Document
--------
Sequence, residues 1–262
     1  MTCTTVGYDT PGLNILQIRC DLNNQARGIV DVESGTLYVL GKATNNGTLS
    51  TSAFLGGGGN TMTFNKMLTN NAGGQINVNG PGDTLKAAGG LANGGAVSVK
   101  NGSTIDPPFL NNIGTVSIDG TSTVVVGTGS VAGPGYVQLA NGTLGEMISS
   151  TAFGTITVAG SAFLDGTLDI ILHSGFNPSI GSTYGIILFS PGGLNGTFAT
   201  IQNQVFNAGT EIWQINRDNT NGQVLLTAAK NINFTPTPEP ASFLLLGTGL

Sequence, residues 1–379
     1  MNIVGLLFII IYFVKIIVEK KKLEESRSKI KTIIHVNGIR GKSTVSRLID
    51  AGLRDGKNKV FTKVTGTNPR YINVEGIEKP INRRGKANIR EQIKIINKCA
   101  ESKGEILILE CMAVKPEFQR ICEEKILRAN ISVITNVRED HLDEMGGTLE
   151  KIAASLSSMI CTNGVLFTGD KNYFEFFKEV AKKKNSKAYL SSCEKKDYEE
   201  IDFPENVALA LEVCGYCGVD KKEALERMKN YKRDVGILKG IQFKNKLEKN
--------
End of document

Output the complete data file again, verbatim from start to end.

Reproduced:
Sequence, residues 1–262
     1  MTCTTVGYDT PGLNILQIRC DLNNQARGIV DVESGTLYVL GKATNNGTLS
    51  TSAFLGGGGN TMTFNKMLTN NAGGQINVNG PGDTLKAAGG LANGGAVSVK
   101  NGSTIDPPFL NNIGTVSIDG TSTVVVGTGS VAGPGYVQLA NGTLGEMISS
   151  TAFGTITVAG SAFLDGTLDI ILHSGFNPSI GSTYGIILFS PGGLNGTFAT
   201  IQNQVFNAGT EIWQINRDNT NGQVLLTAAK NINFTPTPEP ASFLLLGTGL

Sequence, residues 1–379
     1  MNIVGLLFII IYFVKIIVEK KKLEESRSKI KTIIHVNGIR GKSTVSRLID
    51  AGLRDGKNKV FTKVTGTNPR YINVEGIEKP INRRGKANIR EQIKIINKCA
   101  ESKGEILILE CMAVKPEFQR ICEEKILRAN ISVITNVRED HLDEMGGTLE
   151  KIAASLSSMI CTNGVLFTGD KNYFEFFKEV AKKKNSKAYL SSCEKKDYEE
   201  IDFPENVALA LEVCGYCGVD KKEALERMKN YKRDVGILKG IQFKNKLEKN